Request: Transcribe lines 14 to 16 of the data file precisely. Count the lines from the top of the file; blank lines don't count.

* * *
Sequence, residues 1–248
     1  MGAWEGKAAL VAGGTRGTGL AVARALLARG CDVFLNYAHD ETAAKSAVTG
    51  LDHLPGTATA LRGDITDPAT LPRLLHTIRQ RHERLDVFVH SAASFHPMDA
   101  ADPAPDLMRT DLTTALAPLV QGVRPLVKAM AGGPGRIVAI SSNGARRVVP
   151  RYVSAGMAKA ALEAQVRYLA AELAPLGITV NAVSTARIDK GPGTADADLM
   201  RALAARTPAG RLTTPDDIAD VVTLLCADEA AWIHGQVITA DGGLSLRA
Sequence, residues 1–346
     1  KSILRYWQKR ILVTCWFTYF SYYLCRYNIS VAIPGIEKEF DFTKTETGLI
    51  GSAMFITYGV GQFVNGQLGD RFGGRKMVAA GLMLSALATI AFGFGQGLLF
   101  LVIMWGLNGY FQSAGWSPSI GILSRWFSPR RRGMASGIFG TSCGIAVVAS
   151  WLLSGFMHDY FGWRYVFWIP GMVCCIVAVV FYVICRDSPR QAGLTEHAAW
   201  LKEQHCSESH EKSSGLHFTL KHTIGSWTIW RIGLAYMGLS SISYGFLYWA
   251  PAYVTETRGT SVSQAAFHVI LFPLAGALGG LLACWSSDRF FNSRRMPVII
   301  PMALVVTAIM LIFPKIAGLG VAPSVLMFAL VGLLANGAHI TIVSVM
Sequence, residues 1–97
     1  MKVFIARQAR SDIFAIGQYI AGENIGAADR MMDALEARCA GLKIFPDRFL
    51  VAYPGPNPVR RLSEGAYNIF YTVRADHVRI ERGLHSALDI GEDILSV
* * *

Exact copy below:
   301  PMALVVTAIM LIFPKIAGLG VAPSVLMFAL VGLLANGAHI TIVSVM
Sequence, residues 1–97
     1  MKVFIARQAR SDIFAIGQYI AGENIGAADR MMDALEARCA GLKIFPDRFL